Final report forces us to be prepared for the new normal
The Marjorie Stoneman Douglas Public Safety Commission will have a final meeting next week to discuss its draft report released last month on the infamous Valentine’s Day school shooting this year that killed 17 students and staff and wounded 17 others. The report, a final version of which is due to the Governor and Legislature by January 1, contains a list of recommendations on how to avoid a future tragedy.
The draft report organizes its recommendations on three levels: those that can be implemented quickly and require little or no funding; those that may require some low to moderate funding and implementation; and those that may require moderate to significant funding and moderate to long term implementation.
Among the recommendations:
- “Hard corners”: Mark off so-called “hard corners” in every classroom and keep them free of furniture or objects that can’t be easily moved. “Hard corners,” also referred to in the report as “safe zones,” are areas where students can hide and not be seen by someone looking through or shooting through a classroom door window.
- Code red policies: All public, charter and private K-12 schools should have policies for responding to active assailants, including protocols for code red drills and lockdowns. Require schools to install audible alarms that sound throughout campus in the event of a code red. Also, all school employees should have the ability to call a code red and lock down a school remotely.
- Bleeding control kits and training: All school districts should purchase “stop the bleed” kits for all schools and train personnel; also require faculty to learn techniques for controlling bleeding as part of first aid training.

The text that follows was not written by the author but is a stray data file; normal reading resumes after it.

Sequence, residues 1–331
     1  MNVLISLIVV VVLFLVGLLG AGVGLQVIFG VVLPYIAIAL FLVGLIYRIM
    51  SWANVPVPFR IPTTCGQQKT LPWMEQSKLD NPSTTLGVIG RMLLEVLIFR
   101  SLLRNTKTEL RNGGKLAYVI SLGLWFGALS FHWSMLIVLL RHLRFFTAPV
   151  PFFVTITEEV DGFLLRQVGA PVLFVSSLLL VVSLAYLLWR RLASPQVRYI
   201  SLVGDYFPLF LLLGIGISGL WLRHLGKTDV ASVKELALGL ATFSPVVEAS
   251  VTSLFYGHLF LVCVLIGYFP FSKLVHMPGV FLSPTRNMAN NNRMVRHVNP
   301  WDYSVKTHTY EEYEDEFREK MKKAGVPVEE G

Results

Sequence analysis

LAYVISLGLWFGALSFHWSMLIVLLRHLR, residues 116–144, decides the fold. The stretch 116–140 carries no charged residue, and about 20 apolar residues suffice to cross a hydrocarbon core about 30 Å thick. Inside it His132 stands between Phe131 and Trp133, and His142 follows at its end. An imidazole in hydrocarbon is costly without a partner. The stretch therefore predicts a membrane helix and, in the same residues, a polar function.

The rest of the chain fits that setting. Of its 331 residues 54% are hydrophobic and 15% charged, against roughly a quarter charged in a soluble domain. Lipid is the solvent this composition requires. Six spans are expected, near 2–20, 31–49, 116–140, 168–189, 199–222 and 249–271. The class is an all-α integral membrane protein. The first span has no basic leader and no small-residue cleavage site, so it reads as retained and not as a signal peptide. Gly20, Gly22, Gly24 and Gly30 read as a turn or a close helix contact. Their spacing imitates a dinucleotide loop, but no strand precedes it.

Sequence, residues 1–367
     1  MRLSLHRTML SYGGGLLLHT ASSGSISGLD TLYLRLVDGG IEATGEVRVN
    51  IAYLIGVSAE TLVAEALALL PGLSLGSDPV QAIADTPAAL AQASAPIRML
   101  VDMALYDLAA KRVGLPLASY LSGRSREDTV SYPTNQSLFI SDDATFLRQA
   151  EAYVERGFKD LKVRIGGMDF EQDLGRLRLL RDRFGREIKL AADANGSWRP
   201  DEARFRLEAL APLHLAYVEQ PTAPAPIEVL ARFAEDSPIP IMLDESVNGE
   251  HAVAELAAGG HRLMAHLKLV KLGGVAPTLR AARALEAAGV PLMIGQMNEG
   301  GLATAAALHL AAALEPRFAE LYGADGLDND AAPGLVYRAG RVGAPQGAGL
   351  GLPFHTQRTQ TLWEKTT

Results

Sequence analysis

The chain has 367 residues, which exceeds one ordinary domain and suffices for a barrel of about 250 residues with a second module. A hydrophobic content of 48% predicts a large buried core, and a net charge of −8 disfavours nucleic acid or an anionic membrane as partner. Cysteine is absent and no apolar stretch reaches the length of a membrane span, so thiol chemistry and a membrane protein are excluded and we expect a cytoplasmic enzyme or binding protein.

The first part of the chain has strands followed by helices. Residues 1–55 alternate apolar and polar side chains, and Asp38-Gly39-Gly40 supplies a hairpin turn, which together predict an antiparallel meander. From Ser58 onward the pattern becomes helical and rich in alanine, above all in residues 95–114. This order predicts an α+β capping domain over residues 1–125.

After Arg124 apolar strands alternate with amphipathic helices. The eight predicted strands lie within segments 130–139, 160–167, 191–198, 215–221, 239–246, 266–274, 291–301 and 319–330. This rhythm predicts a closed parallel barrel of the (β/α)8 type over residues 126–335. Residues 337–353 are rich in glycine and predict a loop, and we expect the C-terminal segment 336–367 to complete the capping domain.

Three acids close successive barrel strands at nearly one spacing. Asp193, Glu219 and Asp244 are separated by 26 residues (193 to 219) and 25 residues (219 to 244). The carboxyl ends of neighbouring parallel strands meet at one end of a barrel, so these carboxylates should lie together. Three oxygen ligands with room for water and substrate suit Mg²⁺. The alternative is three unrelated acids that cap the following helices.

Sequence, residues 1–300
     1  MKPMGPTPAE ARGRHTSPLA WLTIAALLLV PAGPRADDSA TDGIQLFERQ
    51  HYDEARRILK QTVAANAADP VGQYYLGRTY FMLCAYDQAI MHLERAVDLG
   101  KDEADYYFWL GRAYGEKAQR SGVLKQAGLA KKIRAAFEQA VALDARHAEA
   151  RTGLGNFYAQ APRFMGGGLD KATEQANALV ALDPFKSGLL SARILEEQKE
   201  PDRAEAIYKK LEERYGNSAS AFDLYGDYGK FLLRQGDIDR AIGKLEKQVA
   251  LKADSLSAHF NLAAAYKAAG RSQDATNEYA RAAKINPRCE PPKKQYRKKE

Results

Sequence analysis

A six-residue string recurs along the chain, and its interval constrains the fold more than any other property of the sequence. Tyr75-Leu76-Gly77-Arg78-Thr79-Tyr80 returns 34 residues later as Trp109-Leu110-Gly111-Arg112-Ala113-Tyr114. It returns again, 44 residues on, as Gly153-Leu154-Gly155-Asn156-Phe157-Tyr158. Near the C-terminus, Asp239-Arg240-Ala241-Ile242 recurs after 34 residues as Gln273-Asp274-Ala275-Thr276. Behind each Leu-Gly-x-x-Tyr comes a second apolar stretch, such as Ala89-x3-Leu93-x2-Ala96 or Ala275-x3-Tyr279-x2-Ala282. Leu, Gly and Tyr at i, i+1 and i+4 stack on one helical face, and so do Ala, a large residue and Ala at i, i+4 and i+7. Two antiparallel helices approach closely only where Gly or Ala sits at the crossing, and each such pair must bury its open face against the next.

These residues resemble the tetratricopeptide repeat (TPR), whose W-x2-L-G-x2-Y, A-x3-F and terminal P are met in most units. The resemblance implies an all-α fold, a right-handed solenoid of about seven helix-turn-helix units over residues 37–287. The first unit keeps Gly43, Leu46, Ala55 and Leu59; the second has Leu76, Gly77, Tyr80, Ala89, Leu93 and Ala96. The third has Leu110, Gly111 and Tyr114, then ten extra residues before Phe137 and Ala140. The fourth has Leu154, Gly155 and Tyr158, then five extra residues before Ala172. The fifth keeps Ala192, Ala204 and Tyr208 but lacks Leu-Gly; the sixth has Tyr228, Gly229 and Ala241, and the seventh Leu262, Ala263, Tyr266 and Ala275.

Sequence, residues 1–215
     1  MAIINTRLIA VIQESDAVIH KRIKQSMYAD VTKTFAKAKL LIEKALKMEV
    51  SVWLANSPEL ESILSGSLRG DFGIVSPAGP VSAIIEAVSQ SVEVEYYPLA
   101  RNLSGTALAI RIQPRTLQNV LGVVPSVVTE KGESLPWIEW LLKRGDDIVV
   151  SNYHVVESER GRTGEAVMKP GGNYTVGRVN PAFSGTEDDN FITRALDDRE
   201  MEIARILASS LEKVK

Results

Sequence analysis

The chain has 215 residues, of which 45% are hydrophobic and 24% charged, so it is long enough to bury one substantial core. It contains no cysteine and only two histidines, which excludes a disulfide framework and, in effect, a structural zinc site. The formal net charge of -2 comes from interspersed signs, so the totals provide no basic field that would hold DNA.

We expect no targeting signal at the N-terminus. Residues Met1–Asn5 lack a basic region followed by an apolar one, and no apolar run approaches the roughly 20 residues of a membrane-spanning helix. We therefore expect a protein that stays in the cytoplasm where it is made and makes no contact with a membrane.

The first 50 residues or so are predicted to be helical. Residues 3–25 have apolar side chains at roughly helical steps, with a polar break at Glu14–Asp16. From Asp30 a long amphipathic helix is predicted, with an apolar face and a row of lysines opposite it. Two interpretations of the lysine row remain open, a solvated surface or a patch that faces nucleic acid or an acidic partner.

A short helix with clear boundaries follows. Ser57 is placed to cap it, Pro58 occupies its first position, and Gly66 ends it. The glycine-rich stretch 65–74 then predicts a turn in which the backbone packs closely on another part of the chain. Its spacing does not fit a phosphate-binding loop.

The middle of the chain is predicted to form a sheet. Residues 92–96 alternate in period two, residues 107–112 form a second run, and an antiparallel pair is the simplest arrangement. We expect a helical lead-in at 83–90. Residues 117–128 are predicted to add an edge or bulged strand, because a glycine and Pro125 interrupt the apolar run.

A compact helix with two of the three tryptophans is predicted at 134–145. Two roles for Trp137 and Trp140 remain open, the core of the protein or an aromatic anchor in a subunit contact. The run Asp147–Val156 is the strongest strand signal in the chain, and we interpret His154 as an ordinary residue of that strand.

- No “floater” security guards: The state law passed after the Douglass shooting requires a police officer or an armed guardian on every school campus. The commission suggests the law be clarified to make sure security guards are present during all school hours because some districts are using “floater” officers who spend part of their day at one school and part of their day at another.
- More money for the “Guardian” program: “The Florida Legislature should provide adequate recurring funding for the Guardian program,” which allows for certain school staff to be armed, “and should consider increased funding for individuals who are hired solely to fill the role of guardian.” The legislature should authorize school districts to raise local property taxes to pay for police and guardians and allow state school safety funding to be used for new and existing school resource officers.
- Real-time monitored surveillance cameras: School districts must allow law enforcement live access to surveillance cameras during emergencies (as opposed to tape delay footage). Schools should enhance their current surveillance systems so there are no gaps in camera coverage inside or outside school buildings.
Following the draft report, one Broward Sheriff’s Department captain resigned, a sergeant was suspended, and several school administrators reassigned. Commission chairman Bob Gualtieri, the Sheriff of Pinellas County, said he will ask the Commission to recommend state law be changed so teachers who undergo background checks and training will be allowed to have guns on campus as an additional defensive measure.
In the meantime, a myriad of lawsuits filed after the shooting will no doubt be bolstered by some of the Commission’s findings. There is now a developing line of “Active Shooter” insurance products, the result of this and other past shootings and terroristic acts, that’s the subject of our recent Florida Insurance Roundup podcast.